Watch it: it shows why we are in civilized country. I cannot imagine this happening anywhere else and everybody being so calm the day after.

    • In Canada, political parties have scrutineers in every polling station. When the vote is counted, individual results are phoned in to campaign headquarters. Almost always, the campaign is ahead of the CBC in terms of what has happened.

      We trust the result they announce because we already have it.

      • In Venezuela there are “buccaneers’ in many polling stations, and one can never trust the result.

  4. The MUD prirority is one thing, execution is another. It won’t be easy to witness, in addition to the 32M previously existing voting stations, “9 mil mesas mas, en su mayoria ubicadas en refugios, organismos oficiales (incluyendo guarniciones militares) zonas rurales apartadas y en ” centros itinerantes” .” Also, it wont be easy to vote for “cerca de un millon de venezolanos mudados a otros centros, por lo general distantes y chavistas”.(Marta Colomina, “El Universal”, Domingo, 24 de Junio, 2012, P.4-5). BUT, the popular voting tide is changing, and sooner or later , one way or the other, Chavez and his Criminal Enterprise will be OUT!!!

    • No mention of “moderation” when I originally posted. First time ever. What’s to moderate??–The TRUTH?? [Talk to the spam filter -ed]

      • O.K. Spam Filter-ed., say you’re “Moderating” from the beginning and avoid the commentator confusion and loss of time.

  5. Just a test.I’ve been blocked 4 times from commenting here today. Could have been comment content, or…

  6. I’ve been blocked 5 times – I’ll try code:A quote from MC”s last Sundays “El Un” article, P.4-5. Summation: 32M pre-existing voting centers +9m hard-to-control new centers in: Govt. installations, military installations, out-of-the way rural, “itinerary” (“catch-me-if-you-can”). Plus migration of near 1 million probably Oppo voters to distant and Chavista voting stations. Just part of the huge task for the Oppo (and Lugo was deposed for nothing by comparison to this and innumerable other transgressions/crimes!!!).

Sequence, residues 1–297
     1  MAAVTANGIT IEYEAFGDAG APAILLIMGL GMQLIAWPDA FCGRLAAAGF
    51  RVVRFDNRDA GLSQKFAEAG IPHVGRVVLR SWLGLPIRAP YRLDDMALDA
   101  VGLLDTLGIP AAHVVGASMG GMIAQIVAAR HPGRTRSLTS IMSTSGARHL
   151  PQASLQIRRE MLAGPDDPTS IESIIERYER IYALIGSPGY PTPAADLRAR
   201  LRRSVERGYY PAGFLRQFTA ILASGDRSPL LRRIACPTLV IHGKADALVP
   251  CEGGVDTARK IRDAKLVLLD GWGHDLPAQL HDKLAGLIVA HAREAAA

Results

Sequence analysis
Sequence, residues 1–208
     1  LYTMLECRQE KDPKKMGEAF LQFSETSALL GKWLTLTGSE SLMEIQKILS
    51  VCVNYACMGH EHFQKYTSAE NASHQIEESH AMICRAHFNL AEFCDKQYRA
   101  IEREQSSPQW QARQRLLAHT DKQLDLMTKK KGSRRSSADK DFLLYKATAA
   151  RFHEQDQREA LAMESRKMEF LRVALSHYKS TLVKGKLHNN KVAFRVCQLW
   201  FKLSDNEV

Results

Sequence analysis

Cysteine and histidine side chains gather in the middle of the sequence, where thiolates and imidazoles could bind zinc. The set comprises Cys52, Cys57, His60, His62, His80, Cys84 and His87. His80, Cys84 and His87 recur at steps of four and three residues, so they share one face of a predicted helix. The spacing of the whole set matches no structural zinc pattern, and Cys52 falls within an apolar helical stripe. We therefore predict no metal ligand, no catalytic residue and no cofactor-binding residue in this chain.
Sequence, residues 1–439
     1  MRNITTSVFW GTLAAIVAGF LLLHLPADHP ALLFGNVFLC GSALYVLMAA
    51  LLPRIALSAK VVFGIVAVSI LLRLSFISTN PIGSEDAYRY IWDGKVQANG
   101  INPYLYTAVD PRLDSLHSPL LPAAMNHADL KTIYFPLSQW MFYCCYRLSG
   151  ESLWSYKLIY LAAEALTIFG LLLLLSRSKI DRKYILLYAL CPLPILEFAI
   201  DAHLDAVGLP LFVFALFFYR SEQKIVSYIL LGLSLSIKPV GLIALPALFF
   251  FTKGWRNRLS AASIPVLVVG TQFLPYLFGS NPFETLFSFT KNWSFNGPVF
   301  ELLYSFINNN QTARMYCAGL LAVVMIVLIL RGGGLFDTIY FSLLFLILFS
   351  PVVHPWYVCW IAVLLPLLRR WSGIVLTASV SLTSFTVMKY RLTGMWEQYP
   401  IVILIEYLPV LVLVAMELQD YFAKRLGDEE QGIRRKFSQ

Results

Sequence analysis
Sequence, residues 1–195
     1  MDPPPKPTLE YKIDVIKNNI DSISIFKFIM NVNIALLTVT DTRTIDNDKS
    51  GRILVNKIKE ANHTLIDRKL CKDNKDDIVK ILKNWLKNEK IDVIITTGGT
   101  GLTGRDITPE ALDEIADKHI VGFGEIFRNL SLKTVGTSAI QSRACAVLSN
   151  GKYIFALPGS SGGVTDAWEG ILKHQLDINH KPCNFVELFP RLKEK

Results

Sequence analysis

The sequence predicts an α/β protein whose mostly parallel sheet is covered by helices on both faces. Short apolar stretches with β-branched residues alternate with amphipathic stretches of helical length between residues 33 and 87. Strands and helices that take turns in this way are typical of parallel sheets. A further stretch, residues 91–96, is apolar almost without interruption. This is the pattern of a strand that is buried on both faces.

7. Here in Venezuela by 9 PM the candidates’ HQ know the election results. After each mesa is closed, each of the witnesses receive a copy of the results, and then the head of the polling center compiles them and afterwards he sends it to the HQ. This is all done by 6, 7 PM. One, two or three hours later we know if we won or we lost. I know it because even though I’m only 20 years old, I’ve been involved in three elections (two primaries and the legislative election). But also remember that announcing the election results before the Electoral Council does is heavily fined, not only here but also in places like France, where they do it using codes (the midget for Sarkozy, Flanby for Hollande, etc.). What Egyptians did there is not new and I’m sure could be easily done here.

  8. There have been times Venezuelans haven’t officially known the election results until 11/12PM and later, until Chavez kicks the table in disgust and is threatened by the Military (Baduel, once, a lesser figure-can’t remember the name-last time), and even then the final results still haven’t been announced today in some cases.